Dutch lawyer Anton Ekker highlighted his work in using the EU’s GDPR legislation to pursue legal action on behalf of gig workers to “curb asymmetric power and algorithmic harms”.
Ekker, who has been representing the UK-based Worker Info Exchange, led by ADCU union co-founder James Farrar, said that his most successful legal action so far was in support of ‘Ola’ drivers, as the court found that under article 22 of GDPR, platform workers do have protection from algorithmic decision-making, such as prevent ‘robo-firing’ and the right to access ratings data (although only on an anonymised basis) and fraud probability scores.
The conference also heard speeches from trade union leaders who are engaged in organising platform workers.
Silvia Simoncini, National secretary of the NidiL Cgil union in Italy, explained that the union had sought to enter a dialogue with the platforms in Italy, which are grouped in an association, but it did not produce an agreement.
The association, named Assodelivery, instead signed an agreement with the far-right union ‘General Union of Labour’ (UGL), which was described by labour law expert Valerio de Stefano as “the first collective agreement that deprives workers of rights”.
NidiL Cgil then began to pursue cases in court on behalf of platform workers over health & safety rights, which they won. The judge said said the employers had to provide workers with individual protective equipment, even though they were self-employed. In Italy, self-employed workers are entitled to collecting bargaining rights.
The union then did agree a deal with one of the platforms, Just Eat, which “recognises that the worker has a hierarchical link with the employer” and accepts “a collective bargaining decision at national level”, according to Simoncini.
“Today this agreement functions pretty well and it enabled us to include 6,000 riders in the agreement,” Simoncini added.
The union has continued to pursue further legal actions, including against the Assodelivery-UGL agreement, which a Bologna court found to be illegitimate. Another court case in Bologna at the beginning of the year pursued by NidiL Cgil found that Deliveroo’s algorithm was discriminatory against workers who went on strike or were off-sick. Simoncini said that the union aims to deliver a similar national agreement with Deliveroo as it has with JustEat.
Martin Willems of the United Freelancers acv-csc union in Belgium also addressed the event, and explained the difficulties in getting false self-employed platform workers to back the idea of employment status.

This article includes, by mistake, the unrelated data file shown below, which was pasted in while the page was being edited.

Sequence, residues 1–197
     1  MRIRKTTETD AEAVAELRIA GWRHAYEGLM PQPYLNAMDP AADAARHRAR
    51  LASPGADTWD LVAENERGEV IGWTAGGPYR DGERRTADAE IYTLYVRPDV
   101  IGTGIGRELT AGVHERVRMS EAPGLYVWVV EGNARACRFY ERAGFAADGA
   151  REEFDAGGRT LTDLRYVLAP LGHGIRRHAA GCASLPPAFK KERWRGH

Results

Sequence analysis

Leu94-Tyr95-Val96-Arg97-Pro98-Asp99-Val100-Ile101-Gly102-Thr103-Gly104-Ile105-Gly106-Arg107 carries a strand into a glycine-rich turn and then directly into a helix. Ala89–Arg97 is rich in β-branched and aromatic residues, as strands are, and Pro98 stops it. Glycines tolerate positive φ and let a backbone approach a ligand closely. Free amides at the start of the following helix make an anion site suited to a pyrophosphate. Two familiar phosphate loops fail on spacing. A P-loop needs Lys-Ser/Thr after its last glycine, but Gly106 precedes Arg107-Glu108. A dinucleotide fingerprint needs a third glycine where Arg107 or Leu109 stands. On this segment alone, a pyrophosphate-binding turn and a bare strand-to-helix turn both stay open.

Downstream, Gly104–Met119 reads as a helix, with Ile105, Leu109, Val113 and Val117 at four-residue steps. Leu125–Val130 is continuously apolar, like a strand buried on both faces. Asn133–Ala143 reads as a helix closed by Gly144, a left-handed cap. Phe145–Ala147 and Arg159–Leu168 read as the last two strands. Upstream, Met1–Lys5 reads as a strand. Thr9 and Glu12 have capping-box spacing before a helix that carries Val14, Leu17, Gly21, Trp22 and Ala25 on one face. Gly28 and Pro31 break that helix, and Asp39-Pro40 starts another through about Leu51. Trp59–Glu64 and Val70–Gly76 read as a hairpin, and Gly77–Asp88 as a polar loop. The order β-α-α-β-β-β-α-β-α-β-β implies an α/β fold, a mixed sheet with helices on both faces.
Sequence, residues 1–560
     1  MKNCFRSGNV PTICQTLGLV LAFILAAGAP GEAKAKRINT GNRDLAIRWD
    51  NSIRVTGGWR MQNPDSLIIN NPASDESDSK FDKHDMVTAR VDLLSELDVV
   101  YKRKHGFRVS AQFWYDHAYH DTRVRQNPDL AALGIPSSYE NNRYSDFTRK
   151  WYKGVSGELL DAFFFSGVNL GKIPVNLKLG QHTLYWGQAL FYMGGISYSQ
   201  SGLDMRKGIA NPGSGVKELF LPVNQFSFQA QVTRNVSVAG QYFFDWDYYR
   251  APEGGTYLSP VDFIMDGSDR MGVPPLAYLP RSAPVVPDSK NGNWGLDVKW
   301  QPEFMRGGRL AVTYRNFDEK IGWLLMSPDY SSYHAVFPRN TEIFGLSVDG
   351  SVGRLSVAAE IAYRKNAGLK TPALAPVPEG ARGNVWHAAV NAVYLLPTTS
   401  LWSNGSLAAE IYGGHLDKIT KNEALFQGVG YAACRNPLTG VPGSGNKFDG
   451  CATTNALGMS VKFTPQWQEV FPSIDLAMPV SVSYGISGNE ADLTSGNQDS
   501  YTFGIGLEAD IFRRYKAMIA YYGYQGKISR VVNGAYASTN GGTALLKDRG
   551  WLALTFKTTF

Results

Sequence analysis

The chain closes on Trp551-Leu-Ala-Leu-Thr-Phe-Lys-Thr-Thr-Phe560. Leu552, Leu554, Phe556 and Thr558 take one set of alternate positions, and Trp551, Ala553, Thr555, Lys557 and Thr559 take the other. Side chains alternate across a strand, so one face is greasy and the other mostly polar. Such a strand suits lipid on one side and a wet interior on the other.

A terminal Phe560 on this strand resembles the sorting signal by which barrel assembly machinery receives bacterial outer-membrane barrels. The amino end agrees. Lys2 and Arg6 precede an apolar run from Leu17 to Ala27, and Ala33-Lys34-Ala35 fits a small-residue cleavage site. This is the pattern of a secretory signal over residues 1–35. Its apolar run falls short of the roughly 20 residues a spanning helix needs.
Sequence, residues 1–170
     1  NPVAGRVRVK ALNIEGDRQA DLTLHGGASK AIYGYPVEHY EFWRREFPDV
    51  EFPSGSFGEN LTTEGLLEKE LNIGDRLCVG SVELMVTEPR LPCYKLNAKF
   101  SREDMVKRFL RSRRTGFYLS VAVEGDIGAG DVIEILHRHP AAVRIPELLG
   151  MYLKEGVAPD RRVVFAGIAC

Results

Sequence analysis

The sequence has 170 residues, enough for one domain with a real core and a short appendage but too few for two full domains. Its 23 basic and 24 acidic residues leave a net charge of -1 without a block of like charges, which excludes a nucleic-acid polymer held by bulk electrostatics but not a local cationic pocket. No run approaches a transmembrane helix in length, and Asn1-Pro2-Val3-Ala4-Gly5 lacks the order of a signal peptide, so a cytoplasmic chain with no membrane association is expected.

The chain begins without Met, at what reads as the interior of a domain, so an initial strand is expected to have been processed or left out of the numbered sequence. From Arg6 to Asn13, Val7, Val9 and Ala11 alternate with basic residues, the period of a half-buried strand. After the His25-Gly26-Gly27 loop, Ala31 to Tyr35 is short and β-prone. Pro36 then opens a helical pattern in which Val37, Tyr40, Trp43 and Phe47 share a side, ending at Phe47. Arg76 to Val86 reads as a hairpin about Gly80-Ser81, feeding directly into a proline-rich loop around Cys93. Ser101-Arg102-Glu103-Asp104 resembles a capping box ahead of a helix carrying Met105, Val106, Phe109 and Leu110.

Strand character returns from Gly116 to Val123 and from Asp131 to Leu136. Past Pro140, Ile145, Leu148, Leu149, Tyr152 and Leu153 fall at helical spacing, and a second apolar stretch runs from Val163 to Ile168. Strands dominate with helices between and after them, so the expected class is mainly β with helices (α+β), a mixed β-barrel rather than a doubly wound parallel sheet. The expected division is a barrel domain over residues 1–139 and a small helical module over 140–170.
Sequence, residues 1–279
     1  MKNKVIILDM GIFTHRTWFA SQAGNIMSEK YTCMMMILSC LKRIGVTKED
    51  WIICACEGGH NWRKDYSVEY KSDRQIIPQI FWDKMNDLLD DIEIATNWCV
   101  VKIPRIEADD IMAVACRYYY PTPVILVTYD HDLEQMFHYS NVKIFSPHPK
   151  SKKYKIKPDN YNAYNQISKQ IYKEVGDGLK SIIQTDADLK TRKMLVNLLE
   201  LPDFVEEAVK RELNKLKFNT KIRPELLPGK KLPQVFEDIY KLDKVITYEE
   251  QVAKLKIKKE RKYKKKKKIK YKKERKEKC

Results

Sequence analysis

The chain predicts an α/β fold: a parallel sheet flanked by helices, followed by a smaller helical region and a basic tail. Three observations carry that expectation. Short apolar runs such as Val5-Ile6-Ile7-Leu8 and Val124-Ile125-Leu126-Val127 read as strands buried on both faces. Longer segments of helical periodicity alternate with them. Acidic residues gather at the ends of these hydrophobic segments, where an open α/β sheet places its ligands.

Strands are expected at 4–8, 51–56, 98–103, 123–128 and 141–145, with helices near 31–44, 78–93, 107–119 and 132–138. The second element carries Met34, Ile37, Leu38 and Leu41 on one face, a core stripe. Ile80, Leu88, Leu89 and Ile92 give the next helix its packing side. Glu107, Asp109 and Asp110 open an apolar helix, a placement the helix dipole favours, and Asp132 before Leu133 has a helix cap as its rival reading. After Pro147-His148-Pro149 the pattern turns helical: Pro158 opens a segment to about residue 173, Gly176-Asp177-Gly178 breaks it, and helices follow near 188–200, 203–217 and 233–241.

“Of course they want to be self-employed, they don’t want to have a hierarchical link and be subordinated, but the reality is they are. We want both – we want the labour law and more freedom,” he said.
Willems said unions should value this desire among workers for more autonomy from their boss, because it was a “sign of empowerment” if it can be channelled in the right way. Unions had to work to tackle a “widespread feeling” among platform workers that unions are “not for them”, and instead represent “traditional” workers.
He explained that his union was opposed to any third status for platform workers and did back a presumption of employment status, as long as workers who are actually self-employed and work on platforms can continue to do so.
In rounding up the conference, Ludovic Voet of the European Trade Union Confederation (ETUC) struck a positive note, saying the trade union movement had “won the battle of ideas” when it comes to regulation of platform work, something which was not the case only recently.
“Two years ago there was not a lot of people saying presumption of employment relationship in platform work, now it is on the table,” he said. “Now the platforms have to defend themselves against this presumption of employment relationship, two years ago they were not afraid of this.”
He added that this was not just a fight for those presently working in the gig economy, but the many sectors which are and will undergo platformisation.
“It is easily conceivable to transform some sectors,” Voet said. “The restaurant work, agricultural work, book-keeping…the list is long. As soon as the intelligence of the algorithm will be able to organise these sectors, they will do it.”
The Gig Economy Project will be publishing a full interview with Voet shortly.